Bill would block cities from reducing pollution from leaf blowers and other lawn equipment

SB 1017 would blow local control away

© Bambulla | | Used by permission

SB 1017 would preempt cities from being able to regulate lawn equipment, including noisy and polluting leaf blowers, or incentivize a switch to quieter, cleaner equipment. Even incentives for electric could be considered “indirectly” restricting in this overly-broad bill.

2- and 4-cycle small engines (like most lawn equipment) produce ozone-causing noxious chemicals, asthma-inducing particulates, and cancer-causing hydrocarbons at up to 300 times the rate of F-150 trucks. Ground-level ozone (O3) and fine particulates (PM2.5) are known or likely to cause hundreds of thousands of childhood asthma cases in Texas, COPD, cardiovascular disease, birth defects, low birthweight, and premature death.

In 2018, gas-powered lawn equipment in the U.S. also used an estimated 3 billion gallons of gas, with 17 million gallons of gasoline spilled to the ground or water. And they’re loud and annoying.

Electric leaf blowers, mowers and weed eaters are far cleaner than gas-powered versions and many are less expensive, both now and in long-term costs. And they work great.

Cities across Texas and the U.S. are trying to improve the air quality, health, and quality of life for their residents. Maplewood, NJ began by limiting leaf blowing to fall and winter months on weekdays and Saturday mornings only, similar to regulations in Newton, MA. SB 1017 would end a city’s ability to adopt similar, reasonable policies. We all have the right to breathe clean air. Voters in communities across Texas should have the right to tell local leaders what priorities they care about, but these bills silence voter voices when we could be silencing noisy leaf blowers. Please let communities work together to find their own best solutions.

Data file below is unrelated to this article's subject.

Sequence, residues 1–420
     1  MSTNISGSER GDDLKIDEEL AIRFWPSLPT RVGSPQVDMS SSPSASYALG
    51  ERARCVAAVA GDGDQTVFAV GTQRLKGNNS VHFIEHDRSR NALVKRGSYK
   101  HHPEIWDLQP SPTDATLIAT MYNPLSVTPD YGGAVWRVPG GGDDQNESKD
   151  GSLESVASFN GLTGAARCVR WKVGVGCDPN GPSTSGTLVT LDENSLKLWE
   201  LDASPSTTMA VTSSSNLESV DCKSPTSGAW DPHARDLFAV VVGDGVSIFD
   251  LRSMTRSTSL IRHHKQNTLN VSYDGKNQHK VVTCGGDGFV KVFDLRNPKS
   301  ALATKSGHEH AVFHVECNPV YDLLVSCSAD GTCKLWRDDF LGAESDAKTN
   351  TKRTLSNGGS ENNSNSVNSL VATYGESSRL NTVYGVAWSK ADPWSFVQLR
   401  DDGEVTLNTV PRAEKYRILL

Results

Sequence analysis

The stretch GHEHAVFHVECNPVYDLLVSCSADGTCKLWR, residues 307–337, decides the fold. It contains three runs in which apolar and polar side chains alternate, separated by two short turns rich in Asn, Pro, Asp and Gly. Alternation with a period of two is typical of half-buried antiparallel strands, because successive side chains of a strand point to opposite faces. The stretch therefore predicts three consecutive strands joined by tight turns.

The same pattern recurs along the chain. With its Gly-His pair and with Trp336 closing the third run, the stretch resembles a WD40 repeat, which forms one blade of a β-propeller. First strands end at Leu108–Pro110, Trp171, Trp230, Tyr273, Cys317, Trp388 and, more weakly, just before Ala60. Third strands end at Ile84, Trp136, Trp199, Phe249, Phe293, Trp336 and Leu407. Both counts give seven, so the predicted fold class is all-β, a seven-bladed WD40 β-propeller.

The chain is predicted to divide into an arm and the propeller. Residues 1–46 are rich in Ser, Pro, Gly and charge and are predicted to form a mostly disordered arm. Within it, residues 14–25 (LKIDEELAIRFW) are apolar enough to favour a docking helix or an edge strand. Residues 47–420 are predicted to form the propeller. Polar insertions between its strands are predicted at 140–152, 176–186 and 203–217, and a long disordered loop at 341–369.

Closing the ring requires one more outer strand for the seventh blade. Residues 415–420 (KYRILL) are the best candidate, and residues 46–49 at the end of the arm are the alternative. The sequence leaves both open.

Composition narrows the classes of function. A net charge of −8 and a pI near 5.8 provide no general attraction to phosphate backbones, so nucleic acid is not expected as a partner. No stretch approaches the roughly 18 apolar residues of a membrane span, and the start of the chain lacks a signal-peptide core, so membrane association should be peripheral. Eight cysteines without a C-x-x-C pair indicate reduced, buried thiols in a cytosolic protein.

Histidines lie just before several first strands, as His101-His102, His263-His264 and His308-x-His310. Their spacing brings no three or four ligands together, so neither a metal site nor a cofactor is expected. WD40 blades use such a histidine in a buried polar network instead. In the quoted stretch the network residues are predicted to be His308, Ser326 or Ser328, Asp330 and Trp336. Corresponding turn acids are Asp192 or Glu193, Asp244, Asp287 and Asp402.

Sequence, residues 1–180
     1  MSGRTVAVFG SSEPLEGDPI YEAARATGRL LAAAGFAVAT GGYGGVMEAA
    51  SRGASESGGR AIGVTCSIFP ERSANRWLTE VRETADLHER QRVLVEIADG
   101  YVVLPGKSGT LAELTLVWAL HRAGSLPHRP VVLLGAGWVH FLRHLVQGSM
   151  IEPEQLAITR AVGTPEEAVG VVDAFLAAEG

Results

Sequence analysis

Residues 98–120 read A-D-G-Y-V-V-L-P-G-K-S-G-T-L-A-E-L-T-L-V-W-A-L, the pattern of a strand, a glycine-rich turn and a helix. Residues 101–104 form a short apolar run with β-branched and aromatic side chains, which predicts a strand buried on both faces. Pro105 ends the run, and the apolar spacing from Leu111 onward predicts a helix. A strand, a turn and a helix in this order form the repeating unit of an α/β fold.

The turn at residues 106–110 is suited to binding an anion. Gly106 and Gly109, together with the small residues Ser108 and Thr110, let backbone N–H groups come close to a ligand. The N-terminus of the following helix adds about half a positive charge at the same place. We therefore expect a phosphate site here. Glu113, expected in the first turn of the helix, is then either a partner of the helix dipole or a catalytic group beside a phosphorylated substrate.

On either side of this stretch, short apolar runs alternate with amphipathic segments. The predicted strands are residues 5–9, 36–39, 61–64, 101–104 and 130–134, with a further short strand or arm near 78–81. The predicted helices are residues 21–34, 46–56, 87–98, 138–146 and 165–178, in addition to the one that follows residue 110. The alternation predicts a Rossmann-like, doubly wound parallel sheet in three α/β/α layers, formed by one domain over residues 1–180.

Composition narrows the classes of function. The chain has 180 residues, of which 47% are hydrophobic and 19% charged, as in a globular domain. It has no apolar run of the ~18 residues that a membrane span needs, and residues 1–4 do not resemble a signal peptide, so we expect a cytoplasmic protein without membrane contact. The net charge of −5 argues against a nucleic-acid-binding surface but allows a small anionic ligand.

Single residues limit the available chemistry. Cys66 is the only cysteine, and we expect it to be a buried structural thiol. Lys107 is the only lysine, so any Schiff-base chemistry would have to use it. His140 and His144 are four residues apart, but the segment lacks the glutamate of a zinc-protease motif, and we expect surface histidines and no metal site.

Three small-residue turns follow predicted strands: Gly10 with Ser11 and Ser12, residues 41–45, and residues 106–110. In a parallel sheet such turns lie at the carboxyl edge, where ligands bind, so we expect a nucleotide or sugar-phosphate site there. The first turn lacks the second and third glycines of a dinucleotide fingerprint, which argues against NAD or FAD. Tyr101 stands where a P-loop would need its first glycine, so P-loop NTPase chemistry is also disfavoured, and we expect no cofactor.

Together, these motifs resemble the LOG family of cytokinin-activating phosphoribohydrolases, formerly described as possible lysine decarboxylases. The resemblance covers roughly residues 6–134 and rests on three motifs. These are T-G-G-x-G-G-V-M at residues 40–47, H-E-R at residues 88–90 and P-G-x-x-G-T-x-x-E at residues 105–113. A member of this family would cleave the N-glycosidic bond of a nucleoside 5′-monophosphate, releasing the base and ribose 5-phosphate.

Heather Jefts

Policy Intern

Heather, along with being a policy intern for Environment Texas, is studying Sustainability and Economics at the University of Texas-Austin. She has a passion for urban planning and design, and ensuring our built landscape incorporates elements to feed our souls and enrich the environment. Her commitment to community service led her to run for and win election to Cedar Park’s City Council and serve as a Board member of Williamson County Children’s Advocacy Center. Heather was named a Fellow in the UT Law Center for Public Policy and Dispute Resolution. Heather’s policy work aims to safeguard our air, water, and resources for the next several generations of Texans.

Luke Metzger

Executive Director, Environment Texas

As the executive director of Environment Texas, Luke is a leading voice in the state for clean air and water, parks and wildlife, and a livable climate. Luke recently led the successful campaign to get the Texas Legislature and voters to invest $1 billion to buy land for new state parks. He also helped win permanent protection for the Christmas Mountains of Big Bend; helped compel Exxon, Shell and Chevron Phillips to cut air pollution at four Texas refineries and chemical plants; and got the Austin and Houston school districts to install filters on water fountains to protect children from lead in drinking water. The San Antonio Current has called Luke "long one of the most energetic and dedicated defenders of environmental issues in the state." He has been named one of the "Top Lobbyists for Causes" by Capitol Inside, received the President's Award from the Texas Recreation and Parks Society for his work to protect Texas parks. He is a board member of the Clean Air Force of Central Texas and an advisory board member of the Texas Tech University Masters of Public Administration program. Luke, his wife, son and daughters are working to visit every state park in Texas.